So on Thursday I returned to my local pond. This pond is a great example of natural regeneration. It is little more than a hole in the ground used to drain adjacent fields, dug out to collect water to irrigate the same fields with. The banks are made up of discarded rubble, metal, car parts, concrete, tree roots, all sorts of nasty stuff. The pond itself is full of rubbish, but the area has become overgrown with rushes, reeds, willow, nettles and wildflowers. This habitat seems to be ideal for butterflies and damselflies, and all sorts of other insects besides. I have seen numerous scorpionflies here too - another new record for the area, and various interesting sawflies and nomad bees.

Fabulous little midge (non-biting male - chironomus plumosus) taken with flash, f10, ISO100, 1/250th.

Female Scorpion Fly (f4, ISO100, 1/100th)


Thursday brought the greatest success of the week. An early walk to the pond was bereft of sunshine, and I only had one butterfly to photograph, but what a poser he was. I tried out some new stacking techniques, learned from a webinar earlier in the week, and got three images I am really pleased with.

Green-veined White male (f4, ISO100, 1/160th, 12 image stack)

Green-veined White male (f5.6, ISO200, 1/320th, 16 image stack)

Green-veined White male (f4.5, ISO200, 1/320th, 18 image stack)


Due to the breezy weather, there were discrepancies between layers, and these had to be stacked manually - took a while!


I walked back to the pond later on in the sunshine, and was delighted to find several Blue-tailed Damselflies alongside the Large Reds and Azures. I had not previously realised that female Blue-tailed Damselflies come in several colour forms, slowly maturing to a blue colour. I saw both rufescens (pink/orange) and violacea (violet) forms today. They are hard damselflies to see, due to their darker bodies, and their small size, but the shimmering wings are the way to spot them, and differentiate them from the thousands of crane flies zooming about.

Female Blue-tailed Damselfly - violacea (violet colouration) (f5, ISO100, 1/640th, 2 image stack)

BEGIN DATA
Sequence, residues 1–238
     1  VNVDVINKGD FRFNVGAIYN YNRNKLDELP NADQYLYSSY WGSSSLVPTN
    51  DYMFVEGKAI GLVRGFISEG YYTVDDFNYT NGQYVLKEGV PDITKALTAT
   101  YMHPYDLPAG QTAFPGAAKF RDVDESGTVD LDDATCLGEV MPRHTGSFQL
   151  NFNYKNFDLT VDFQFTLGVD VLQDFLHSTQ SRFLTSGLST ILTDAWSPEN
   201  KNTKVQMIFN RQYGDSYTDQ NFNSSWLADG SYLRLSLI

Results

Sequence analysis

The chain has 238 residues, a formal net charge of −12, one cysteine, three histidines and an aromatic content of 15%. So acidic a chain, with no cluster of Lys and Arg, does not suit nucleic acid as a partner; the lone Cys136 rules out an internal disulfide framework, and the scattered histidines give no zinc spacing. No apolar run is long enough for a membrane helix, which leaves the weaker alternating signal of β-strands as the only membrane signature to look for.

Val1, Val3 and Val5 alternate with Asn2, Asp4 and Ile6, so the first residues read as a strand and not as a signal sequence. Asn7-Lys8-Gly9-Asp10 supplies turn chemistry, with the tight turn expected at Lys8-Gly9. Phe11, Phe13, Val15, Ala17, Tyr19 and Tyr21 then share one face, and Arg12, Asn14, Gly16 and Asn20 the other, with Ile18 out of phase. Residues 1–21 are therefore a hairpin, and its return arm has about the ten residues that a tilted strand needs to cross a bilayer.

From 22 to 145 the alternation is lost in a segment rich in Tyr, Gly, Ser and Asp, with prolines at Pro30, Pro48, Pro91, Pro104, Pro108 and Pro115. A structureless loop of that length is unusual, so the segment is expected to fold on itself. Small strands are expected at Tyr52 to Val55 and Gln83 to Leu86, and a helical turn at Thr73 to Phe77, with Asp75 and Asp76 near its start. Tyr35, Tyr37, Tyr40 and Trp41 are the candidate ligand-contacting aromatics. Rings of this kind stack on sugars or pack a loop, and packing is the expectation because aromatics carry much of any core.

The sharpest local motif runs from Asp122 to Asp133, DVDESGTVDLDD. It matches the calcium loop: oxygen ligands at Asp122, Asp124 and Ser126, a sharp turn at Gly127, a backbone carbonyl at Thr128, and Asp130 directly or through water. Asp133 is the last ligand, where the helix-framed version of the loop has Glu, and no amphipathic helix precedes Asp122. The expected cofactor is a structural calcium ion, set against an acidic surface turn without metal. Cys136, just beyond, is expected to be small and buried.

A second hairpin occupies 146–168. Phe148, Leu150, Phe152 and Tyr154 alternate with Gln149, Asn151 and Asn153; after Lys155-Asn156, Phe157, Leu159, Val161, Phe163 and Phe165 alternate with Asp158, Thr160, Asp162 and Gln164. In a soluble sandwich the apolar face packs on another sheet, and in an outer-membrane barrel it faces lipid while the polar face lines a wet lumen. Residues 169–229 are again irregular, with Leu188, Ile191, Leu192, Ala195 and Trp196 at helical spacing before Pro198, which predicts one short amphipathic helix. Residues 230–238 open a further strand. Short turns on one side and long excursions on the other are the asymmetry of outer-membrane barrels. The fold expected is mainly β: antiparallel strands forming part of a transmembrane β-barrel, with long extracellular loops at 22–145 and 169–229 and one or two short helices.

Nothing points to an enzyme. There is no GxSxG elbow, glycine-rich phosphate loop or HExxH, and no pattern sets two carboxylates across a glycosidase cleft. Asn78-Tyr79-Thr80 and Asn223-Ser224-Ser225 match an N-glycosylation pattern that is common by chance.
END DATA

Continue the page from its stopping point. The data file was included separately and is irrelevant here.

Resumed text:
Female Blue-tailed Damselfly - rufescens (pink/orange colouration) (f5.6, ISO100, 1/500th) - a very immature specimen, so colour may change quickly.

Immature male Blue-tailed Damselfly - he will change colour quite quickly. (f3.5, ISO100, 1/500th, 2 image stack)

Male Blue-tailed Damselfly (f3.2, ISO100, 1/2500th second, 2 image stack - trying to blur the background which was messy and quite close to the subject, hence the wide aperture)


I also finally got a semi-decent shot of a Large Red Damselfly - they are larger than the other species on the site, and as I said earlier, a lot more readily startled. They will happily nip up to the top of the nearest tree too, whereas the other species prefer to be nearer the ground, and can be followed to their next perch when they fly off

Large Red Damselfly female (f4.5, ISO100, 1/800th)

Large Red Damselfly female (f5.6, ISO100, 1/400th)


Despite being really chuffed to see three species at the pond (where I was only really confident of finding one at the start of the week), my favourite image by far is of this male Azure peeking over the top of a leaf at me, with his silhouette showing through the lead - this really shows it's character.

Male Azure Damselfly (f6.3, ISO100, 1/320th, 2 image stack)


I hope to find some Common Blues in the next couple of weeks to complete the set of damselflies here. I do not think the site is ideal for Emerald Damselflies, but I will of course keep my eyes open later in the summer - it would be remarkable if this farm dump had five different species of damselfly present!



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© 2020 By Ben Freeman